2 Make young people the solution not the problem

There are currently two ways the sector talks about young people – as the beneficiaries of “youth development” or as participants of “youth-led development” but a lot of the time it’s not clear whether as a group we’re being portrayed as the problem or the solution. Youth marginalisation now channeling young people’s energy towards viol

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mary madonnah Quite an insightful read, I really liked the leaders meters they have in place to put leaders accountable for what promises they have. The speaker above is perfectly right, we keep talking about potential and forget that we can never eat potential, endless meetings with great presentations but as long as there is nothing on the ground, no progress will amount. i think the youth are ready to work, at least most of them are, but we need to be taken up,, to be supported. knowledge is not enough, we need some experiental element to it, real tools. For instance what he has mentioned on bigger enterprises mentoring startups, that's a brilliant idea. why not have the same case happen in kenya; we can easily become self sufficient in many goods once we take the large number of youth as an "opportunity to harness rather than a threat to tackle" as put again above. we need to stop talking statistics already and do something

2 years 5 months ago

Alphaxrd Gitau Totally agree Mary Madonna..

2 years 4 months ago

Posted By in Youth - Jeunesse
Posted 18 August 2016 at 07:47

Engaging Youth in Agriculture – The Key to a Food Secure Future?


(Image from Farm Africa)

Engaging youth in agriculture has been a prominent topic recently and has risen up the development agenda, as there is growing concern worldwide that young people have become disenchanted with agriculture.

With most young people – around 85% – living in developing countries, where agriculture is likely to provide the main source of income it is vital that young people are connected with farming.

Currently around the world we’re living in an era where rapid urbanisation has led to a decline in rural populations and for the first time ever the majority of the world’s population lives in a city. The UN World Health Organization predicts that “by 2030, 6 out of every 10 people will live in a city, and by 2050, this proportion will increase to 7 out of 10 people” meaning that more young people than ever before are moving to cities and towns to find work,

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Bernard Mugume Engaging Youth in agriculture is one of our core objectives at Focus Youth Forum Association(FYF)

2 years 5 months ago

Alphaxrd Gitau @ Bernard where are you guys based?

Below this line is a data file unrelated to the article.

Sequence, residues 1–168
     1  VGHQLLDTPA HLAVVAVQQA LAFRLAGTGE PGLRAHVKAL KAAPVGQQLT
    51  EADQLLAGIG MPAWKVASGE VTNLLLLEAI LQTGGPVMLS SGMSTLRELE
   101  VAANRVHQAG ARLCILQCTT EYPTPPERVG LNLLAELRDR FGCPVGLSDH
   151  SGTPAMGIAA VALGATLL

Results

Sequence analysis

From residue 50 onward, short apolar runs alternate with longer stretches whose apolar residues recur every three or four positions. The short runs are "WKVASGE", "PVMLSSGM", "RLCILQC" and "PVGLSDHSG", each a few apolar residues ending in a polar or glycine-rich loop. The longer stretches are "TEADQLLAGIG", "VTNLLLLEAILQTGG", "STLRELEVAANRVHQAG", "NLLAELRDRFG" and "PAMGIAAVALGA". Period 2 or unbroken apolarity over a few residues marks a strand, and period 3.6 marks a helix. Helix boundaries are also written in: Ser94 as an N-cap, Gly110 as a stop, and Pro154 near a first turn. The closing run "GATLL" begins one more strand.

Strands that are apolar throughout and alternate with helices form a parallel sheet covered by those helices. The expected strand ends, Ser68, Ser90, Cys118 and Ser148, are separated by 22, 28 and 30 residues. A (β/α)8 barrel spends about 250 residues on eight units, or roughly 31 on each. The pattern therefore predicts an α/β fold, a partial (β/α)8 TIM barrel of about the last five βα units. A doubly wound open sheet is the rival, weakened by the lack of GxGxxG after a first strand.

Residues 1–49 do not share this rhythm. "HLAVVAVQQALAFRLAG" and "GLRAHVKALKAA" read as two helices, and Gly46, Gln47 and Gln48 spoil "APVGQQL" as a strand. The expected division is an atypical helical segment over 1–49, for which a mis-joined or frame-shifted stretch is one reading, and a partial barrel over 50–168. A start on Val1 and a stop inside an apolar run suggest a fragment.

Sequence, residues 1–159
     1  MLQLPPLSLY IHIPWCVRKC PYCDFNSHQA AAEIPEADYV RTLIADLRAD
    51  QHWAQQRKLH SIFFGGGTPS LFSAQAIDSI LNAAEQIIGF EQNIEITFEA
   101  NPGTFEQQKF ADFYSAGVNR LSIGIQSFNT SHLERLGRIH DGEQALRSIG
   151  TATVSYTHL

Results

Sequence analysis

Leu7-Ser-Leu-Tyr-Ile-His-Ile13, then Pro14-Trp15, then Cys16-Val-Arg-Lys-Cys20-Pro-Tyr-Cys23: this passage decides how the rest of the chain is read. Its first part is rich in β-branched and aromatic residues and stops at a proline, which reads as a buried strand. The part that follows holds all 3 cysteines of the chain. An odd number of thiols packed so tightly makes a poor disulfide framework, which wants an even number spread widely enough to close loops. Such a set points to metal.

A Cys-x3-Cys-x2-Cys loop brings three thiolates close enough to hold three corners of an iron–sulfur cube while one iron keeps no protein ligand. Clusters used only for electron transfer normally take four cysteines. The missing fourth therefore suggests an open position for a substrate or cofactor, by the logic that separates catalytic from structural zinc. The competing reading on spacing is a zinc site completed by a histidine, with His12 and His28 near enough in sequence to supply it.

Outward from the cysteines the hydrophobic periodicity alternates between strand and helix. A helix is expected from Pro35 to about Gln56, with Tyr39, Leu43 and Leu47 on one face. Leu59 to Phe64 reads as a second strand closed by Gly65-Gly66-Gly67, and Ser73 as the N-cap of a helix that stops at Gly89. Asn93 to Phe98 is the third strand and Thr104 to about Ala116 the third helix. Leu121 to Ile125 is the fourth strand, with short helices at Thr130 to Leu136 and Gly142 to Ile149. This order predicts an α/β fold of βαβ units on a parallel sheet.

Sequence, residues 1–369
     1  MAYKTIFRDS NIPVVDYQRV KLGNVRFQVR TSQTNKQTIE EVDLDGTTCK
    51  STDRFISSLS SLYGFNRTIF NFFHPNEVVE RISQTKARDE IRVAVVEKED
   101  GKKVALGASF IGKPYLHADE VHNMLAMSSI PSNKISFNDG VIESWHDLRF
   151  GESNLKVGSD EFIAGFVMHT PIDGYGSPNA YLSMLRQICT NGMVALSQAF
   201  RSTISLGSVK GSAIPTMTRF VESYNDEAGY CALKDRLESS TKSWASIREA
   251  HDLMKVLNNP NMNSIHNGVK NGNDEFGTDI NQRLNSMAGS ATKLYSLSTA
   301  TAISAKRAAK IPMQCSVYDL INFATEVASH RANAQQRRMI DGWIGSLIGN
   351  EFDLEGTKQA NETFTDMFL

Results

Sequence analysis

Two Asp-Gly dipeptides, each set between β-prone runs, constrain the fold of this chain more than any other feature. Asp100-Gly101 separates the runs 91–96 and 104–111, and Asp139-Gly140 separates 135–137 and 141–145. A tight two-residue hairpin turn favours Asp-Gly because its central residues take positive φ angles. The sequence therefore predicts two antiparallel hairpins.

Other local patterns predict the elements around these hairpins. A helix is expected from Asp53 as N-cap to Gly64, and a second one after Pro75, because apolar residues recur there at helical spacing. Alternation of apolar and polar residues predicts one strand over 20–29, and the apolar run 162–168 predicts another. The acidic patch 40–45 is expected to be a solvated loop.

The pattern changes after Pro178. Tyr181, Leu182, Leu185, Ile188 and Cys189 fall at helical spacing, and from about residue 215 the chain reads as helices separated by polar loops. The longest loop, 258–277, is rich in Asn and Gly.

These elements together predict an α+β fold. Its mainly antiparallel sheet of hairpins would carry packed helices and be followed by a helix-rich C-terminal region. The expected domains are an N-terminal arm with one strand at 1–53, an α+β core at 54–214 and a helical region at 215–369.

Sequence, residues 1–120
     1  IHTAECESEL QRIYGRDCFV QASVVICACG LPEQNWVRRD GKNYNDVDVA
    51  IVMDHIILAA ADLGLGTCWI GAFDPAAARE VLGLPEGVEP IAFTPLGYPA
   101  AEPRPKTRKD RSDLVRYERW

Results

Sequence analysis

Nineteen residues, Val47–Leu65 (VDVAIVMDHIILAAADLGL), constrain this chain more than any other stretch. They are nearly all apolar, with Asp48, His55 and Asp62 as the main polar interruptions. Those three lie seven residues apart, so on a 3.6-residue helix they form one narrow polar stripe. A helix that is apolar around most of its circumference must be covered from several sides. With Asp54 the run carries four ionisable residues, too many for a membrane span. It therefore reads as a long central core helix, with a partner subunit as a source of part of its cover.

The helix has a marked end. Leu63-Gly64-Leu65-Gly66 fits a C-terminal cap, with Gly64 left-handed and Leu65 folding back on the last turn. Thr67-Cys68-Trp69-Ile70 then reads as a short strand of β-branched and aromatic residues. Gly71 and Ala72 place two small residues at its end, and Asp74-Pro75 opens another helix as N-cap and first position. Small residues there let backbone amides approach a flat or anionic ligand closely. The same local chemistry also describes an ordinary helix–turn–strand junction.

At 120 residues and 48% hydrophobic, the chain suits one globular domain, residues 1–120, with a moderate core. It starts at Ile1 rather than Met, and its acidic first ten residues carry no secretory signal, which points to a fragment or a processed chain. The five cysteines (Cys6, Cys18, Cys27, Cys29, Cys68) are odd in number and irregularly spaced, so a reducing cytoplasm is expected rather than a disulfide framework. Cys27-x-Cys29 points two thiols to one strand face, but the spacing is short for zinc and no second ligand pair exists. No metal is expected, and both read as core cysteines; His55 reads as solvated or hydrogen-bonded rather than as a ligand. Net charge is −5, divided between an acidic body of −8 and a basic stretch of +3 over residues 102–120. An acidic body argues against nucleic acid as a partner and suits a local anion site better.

2 years 5 months ago

Posted By in AgriProFocus Kenya
Posted 28 June 2016 at 05:48

Are you using the right practices for the future you want to create?

Disruptive innovation isn’t a problem to be solved. It’s a future to be co-created — and the only way to get to where we want to go, is to paint a picture of a world that pulls us forward.

I originally trained as an engineer, and at the core of everything we learnt was design thinking and problem solving. We were taught how to use our expertise to pull things apart, find problem’s, analyse options and provide solutions. And for most of my career as a sustainability consultant, I have unquestionably applied this thinking to almost everything I did.

But recently — I have been starting to seriously question the whole problem solving thing.

Why? After completing a Masters in Psychology, and studying Regenerative Development with Regenesis and CLEAR  — I have become increasingly aware of its limitations. Don’t get me wrong, problem solving has a useful role in the right context, e.g. if you w

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Eugene Ndwiga Quite strategic, reflective and insightful piece on the new paradigm that development professionals must adopt going forward!

2 years 6 months ago

Eugene Ndwiga Hi Gitau, did you finally post my finance appeal in the relevant platform?

2 years 6 months ago

Posted By in Youth in Agribusiness Kenya
Posted 22 June 2016 at 09:32

Africa’s Future Farmers

In order to face the food security and nutrition challenges of the future there is a need to develop the capacities of the next generation of agricultural producers, by identifying ways to engage and empower youth – both women and men. Approximately 90 percent of young people between the ages of 15 and 24 live in developing countries, where agriculture employs as much as 60 percent of the labor force, and yet the majority of youth do not currently see agriculture as a viable career path given the low productivity rates and the difficulties they know to have been faced by previous generations. Farming has always been associated with poverty and punishment from our  parents and grandparents.I remember when i was growing up anytime i failed my exams my parents told me they would take me to my rural home to dig.Anytime i failed in school my parents would threaten me that i would end up in the farm where people with no education goes to.

Cognizant of all the factors, combating

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Posted By in Youth in Agribusiness Kenya
Posted 16 June 2016 at 09:31

Who will feed the Future?

There is a big sustainability gap in African farming. This is because, while a very high percentage of African farmers are old and aging (mainly above 60), the youth still have a tendency to shy away from farming and agriculture – at least not if they have other alternatives. More and more young people – especially the rural youth – focus on moving out from farming and rural communities to find “good jobs” in urban centres.